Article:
Peine Forte et Dure

Also found in: Legal.

Peine Forte et Dure

(religion, spiritualism, and occult)

When a person was brought before the court in a witchcraft trial in America, he or she was first required to plead whether guilty or not guilty. No trial could proceed until the accused had so pleaded. By refusing to plead, the accused could prevent the trial altogether. To circumvent such an occurrence, the law provided a horrible punishment for anyone so obstinate. It was called peine forte et dure—"a penalty harsh and severe." It consisted of stretching the culprit out flat on his or her back, on the ground, with arms and feet extended to the utmost in all four directions. Heavy weights of iron and stone were then piled on the body until the accused either pleaded or was crushed to death. The common name for this was "pressing to death."

The only time in American history that this punishment was actually inflicted was during the witch trials of 1692 in Salem, Massachusetts. Giles Cory, accused in the hysteria of that time, knew that if he refused to plead, his trial would be balked and the authorities would be unable to confiscate his goods and estate, as they would be entitled to do if he were proven guilty. Giles therefore refused to plead and was subsequently put to the peine forte et dure. He died without speaking.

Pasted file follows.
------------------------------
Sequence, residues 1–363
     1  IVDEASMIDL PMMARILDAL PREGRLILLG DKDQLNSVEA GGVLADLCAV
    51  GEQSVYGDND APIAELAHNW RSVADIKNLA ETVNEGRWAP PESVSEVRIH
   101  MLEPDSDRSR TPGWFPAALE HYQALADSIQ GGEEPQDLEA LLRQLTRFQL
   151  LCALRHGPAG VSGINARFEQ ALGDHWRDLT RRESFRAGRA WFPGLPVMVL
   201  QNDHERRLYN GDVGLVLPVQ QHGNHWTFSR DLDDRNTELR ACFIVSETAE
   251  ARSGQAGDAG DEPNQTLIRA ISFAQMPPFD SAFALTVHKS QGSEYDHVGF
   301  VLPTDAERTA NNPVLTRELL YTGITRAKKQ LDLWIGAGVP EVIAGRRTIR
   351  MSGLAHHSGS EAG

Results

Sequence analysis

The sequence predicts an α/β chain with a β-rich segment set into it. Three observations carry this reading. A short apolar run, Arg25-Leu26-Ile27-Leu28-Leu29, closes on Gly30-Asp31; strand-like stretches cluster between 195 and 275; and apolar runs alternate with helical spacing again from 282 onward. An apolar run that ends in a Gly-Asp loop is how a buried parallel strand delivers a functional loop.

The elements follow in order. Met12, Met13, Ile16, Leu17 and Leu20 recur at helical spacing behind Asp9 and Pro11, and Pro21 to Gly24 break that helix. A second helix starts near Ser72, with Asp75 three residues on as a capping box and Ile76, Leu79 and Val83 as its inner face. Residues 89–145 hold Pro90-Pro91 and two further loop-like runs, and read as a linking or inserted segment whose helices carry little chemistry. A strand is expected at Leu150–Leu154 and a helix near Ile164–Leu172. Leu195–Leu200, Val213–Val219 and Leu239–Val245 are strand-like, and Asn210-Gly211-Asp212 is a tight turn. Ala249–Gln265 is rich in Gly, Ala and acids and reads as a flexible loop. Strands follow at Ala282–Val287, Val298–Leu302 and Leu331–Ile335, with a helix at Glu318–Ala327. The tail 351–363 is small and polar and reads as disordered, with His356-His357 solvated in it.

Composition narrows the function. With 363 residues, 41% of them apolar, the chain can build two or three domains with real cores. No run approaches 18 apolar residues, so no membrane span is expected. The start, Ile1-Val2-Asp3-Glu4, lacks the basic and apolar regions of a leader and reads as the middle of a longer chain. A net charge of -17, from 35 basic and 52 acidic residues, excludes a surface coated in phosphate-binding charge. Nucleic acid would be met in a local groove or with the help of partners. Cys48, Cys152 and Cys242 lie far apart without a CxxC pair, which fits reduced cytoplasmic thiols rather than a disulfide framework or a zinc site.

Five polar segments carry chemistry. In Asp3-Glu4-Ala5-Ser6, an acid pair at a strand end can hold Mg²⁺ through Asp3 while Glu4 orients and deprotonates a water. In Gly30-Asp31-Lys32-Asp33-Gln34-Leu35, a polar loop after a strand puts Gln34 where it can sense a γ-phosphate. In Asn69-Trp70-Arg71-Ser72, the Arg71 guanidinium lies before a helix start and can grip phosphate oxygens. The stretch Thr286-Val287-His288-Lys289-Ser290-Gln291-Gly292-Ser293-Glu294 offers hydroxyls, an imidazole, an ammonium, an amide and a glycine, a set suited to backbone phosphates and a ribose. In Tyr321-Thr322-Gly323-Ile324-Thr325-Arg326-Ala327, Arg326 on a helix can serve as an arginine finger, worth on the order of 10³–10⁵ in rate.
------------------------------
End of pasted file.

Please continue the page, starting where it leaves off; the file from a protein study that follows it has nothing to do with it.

The Witch Book: The Encyclopedia of Witchcraft, Wicca, and Neo-paganism © 2002 Visible Ink Press®. All rights reserved.
References in periodicals archive ?
His discussion of poems such as |The Agonie' which depends for its effect on a knowledge of the practice of peine forte et dure (a defendant in court could refuse to plead in order to ensure that the estate would not pass to the crown but remain in the family; he or she would then be pressed to death) and |The Altar', which demands submission to God but relies upon a clear conception of human free will, results in a conception of God as fascinating as William Empson's vision of Milton's: |an omnipotent being whose power and love are to be feared and prized' (196).